Cloverite, a microporous gallophosphate has attracted great attention as it possesses unusually large micropores. Cloverite possesses two types of structural hydroxyl groups (Ga-OH and P-OH groups), which exhibit high and moderate Br6nsted acid strength toward apolar hydrocarbon molecules. Sorption of polar base molecules on the Ga-OH groups, however, leads to a breaking of the Ga-O bond close to the Ga-OH adsorption site, resulting in a concerted Lewis and Br6nsted type interaction. For small molecules (like ammonia), multiple sorption at these sites causes a local rearrangement of the lattice leading to a collapse of the microporous structure upon thermal desorption of the probe molecules. Small alcohols are chemisorbed quite differently on the Ga-OH groups of cloverite compared to other acidic molecular sieves leading to the formation of dimethylether and formaldehyde upon desorption. The structural hydroxyl groups of cloverite exhibit high and moderate Bronsted acid strength toward apolar hydrocarbon molecules. With polar molecules, these hydroxyl groups show unique interactions leading to a local rearrangement of the lattice including a breaking of the Ga-O bond close to the Ga-OH sorption site. Consequently, a concerted Lewis and Br6nsted acid type interaction is concluded to exist between the basic molecules and the Ga-OH/Ga cation sorptionsites.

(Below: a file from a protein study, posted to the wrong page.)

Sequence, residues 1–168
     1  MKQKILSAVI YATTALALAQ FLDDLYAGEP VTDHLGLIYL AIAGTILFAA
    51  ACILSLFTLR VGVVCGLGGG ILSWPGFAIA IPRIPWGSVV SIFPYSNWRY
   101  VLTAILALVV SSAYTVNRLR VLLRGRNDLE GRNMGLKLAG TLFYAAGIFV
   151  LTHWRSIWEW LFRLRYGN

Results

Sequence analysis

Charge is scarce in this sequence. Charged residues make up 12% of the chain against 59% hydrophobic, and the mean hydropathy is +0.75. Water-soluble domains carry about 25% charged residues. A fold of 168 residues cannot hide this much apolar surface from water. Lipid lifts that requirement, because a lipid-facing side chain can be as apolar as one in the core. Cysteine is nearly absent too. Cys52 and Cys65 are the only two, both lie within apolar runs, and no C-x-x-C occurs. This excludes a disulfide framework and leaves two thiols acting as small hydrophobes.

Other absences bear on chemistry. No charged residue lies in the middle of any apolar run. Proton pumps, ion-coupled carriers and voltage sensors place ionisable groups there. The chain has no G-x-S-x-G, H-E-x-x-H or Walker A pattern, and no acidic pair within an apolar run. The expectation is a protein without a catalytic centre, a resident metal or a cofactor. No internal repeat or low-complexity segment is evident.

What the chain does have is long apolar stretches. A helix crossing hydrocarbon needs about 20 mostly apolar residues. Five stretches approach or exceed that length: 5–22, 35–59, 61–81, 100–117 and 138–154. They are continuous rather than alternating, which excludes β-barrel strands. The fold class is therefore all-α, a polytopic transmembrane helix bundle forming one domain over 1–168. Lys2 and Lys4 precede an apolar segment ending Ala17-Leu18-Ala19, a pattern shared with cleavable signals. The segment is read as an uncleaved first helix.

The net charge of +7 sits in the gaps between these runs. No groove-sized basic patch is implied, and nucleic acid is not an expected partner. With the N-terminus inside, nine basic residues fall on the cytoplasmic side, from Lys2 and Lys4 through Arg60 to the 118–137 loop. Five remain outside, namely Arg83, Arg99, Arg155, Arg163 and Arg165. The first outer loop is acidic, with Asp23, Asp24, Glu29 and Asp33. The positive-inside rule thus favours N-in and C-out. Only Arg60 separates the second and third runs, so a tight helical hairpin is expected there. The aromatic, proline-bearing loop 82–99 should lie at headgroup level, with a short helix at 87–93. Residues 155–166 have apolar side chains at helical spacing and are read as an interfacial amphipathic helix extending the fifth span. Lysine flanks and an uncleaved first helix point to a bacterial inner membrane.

|Number of pages||7|
|Journal||Studies in surface science and catalysis|
|Publication status||Published - 1995|
|Event||International Zeolite Symposium 1995 - Québec, Canada|
Duration: 15 Oct 1995 → 20 Oct 1995